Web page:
17 College Football Targeting Penalties That Were Arbitrary And Infuriating

Any rule that leads to five-minute breaks in action so players can get ejected and then immediately un-ejected probably needs some fine-tuning.

Getty / Kevin C. Cox

What exactly is “targeting,” the foul that has bogged down countless college football games this fall? According to Mike Pereira, the NFL’s former vice president of officiating and Fox’s resident all-around expert on football rules, targeting in college football is when “you attack a defenseless [opponent] by making contact with your helmet, shoulder or forearm to his head or neck area. It’s also a targeting foul if a player initiates contact with the crown of his helmet.”

And here’s what happens when targeting is called:

- If a targeting foul is committed in the first half of a game, it’s a 15-yard penalty and that player is disqualified for that game.
- If a targeting foul is committed in the second half of a game, it’s a 15-yard penalty and that player is disqualified for the rest of that game plus the first half of the next game.
- If a targeting foul is called but a coach challenges a call and officials use instant replay to decide the player didn’t commit targeting, that player can stay in the game — but a 15-yard penalty is still assessed.

You’ll notice from that third item that things are already getting a little weird. Now let’s look at the calls.

1. Ejected.

This is pretty much the definition of targeting. The quarterback is giving himself up and the hit is both high and late, plus he leads with his helmet. All kinds of wrong here.

2. Ejected.

Whoa. Clearly targeting. Not sure what that guy was thinking…

3. Ejected.

Helmet-to-helmet: Check. Defenseless receiver: Check. Definitely targeting.

4. Ejected.

Looks like a high shoulder to the receiver’s head, on top of being a late hit.

5. Ejected.

He lowered his head and led with the crown of his helmet for the tackle. Targeting.

6. Ejected.

Hmmm… it’s a big blindside block, but I’m not sure if it’s targeting…

7. Ejected.

Looks like he was pulling up and just threw a shoulder into the receiver.

8. Ejected.

There’s a collision of helmets, but I don’t think that’s targeting. I’m not really sure how else you would make that tackle.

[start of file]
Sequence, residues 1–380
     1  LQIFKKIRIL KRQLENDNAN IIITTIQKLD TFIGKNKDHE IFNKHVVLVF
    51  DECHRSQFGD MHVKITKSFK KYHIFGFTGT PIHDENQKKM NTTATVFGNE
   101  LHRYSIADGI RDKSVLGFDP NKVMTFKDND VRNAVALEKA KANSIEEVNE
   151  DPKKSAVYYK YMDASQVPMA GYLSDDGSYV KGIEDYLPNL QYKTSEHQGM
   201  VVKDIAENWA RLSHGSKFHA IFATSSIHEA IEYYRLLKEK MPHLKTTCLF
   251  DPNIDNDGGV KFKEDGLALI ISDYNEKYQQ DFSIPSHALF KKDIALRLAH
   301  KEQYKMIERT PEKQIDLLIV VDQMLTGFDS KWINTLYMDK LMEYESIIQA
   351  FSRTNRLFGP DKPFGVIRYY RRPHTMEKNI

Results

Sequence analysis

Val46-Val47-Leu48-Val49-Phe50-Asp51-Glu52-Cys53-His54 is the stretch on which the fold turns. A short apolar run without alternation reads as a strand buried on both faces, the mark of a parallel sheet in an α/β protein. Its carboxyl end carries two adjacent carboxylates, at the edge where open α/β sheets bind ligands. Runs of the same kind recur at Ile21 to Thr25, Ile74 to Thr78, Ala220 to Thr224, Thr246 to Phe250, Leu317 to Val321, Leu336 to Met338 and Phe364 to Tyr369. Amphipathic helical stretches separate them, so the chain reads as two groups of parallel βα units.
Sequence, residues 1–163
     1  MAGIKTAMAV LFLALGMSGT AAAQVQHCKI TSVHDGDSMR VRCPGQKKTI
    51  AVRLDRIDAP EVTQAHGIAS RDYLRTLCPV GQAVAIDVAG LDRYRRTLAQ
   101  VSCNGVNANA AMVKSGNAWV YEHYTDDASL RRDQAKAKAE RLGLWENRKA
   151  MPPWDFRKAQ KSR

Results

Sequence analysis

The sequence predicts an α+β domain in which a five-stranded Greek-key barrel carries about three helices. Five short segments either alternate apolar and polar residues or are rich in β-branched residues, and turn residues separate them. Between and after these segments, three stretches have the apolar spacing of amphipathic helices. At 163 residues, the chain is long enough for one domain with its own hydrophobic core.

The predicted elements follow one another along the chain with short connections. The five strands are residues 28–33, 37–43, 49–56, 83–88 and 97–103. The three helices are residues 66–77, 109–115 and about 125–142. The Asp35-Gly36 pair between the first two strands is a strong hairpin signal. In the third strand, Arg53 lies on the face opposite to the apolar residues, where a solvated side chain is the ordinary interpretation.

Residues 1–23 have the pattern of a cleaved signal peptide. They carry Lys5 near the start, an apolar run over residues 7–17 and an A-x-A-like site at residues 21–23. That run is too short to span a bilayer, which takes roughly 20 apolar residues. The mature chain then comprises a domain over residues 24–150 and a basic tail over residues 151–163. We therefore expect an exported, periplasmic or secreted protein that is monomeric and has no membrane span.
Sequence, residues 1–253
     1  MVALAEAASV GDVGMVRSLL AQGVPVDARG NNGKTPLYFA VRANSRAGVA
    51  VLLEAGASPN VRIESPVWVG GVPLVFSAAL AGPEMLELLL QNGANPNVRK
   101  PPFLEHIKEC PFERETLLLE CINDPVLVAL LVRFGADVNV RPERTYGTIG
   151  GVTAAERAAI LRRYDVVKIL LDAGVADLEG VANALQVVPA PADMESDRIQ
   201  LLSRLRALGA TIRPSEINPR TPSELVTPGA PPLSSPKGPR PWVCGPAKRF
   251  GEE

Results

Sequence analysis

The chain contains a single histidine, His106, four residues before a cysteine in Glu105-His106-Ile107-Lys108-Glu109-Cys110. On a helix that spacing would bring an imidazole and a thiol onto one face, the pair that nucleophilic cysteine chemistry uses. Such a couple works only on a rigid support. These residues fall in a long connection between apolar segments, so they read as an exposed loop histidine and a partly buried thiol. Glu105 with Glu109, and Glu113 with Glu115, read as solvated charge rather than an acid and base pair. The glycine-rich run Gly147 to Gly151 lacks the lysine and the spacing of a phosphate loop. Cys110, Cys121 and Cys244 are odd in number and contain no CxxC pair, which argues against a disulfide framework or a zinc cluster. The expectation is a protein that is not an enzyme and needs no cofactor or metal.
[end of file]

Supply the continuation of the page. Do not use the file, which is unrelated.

9. Ejected.

That’s simply a strong tackle, right? That’s not targeting.

10. Ejected.

He launched himself at the receiver, but the hit wasn’t to the head or the neck area.

11. Ejected.

Late hit? Yes. Targeting? No.

12. Ejected.

This is a joke. I still can’t believe he was ejected for this. Absolutely ridiculous.

13. Called targeting but overturned on review.

I can see how this was originally called for targeting.

14. Called targeting but overturned on review.

Not sure why this was called in the first place. Both players were going for the ball and collided with each other. Remember, all the teams below who had targeting penalties revoked still had to take a 15-yard loss on the original call.

15. Called targeting but overturned on review.

High hit, but that’s clearly not to the head or neck area.

16. Called targeting but overturned on review.

Not sure what the refs saw on this one. Not even close to targeting.

17. Called targeting but overturned on review.

Apparently you can’t make big hits without getting called for targeting.

18. Called targeting but overturned on review.

Now, this one looks like the defender DID use his head on purpose.

19. Ejected, but suspension later overturned.

Wait. What? So the conference can overrule the suspension if they disagree with the ejection? This rule is so dumb.

20. Not a penalty.

A hit with the crown of the helmet directly into the quarterback’s chin and solar plexus. It certainly seems like a penalty.

21. Not a penalty.

How is this not textbook targeting?

22. Not a penalty.

I give up.

To review, there seemed to be something obviously wrong (or at least questionable) with 17 of the 22 examples we could find. There’s no way this rule sticks around for another season, right? There’s just no way something this inconsistent and controversial can last.

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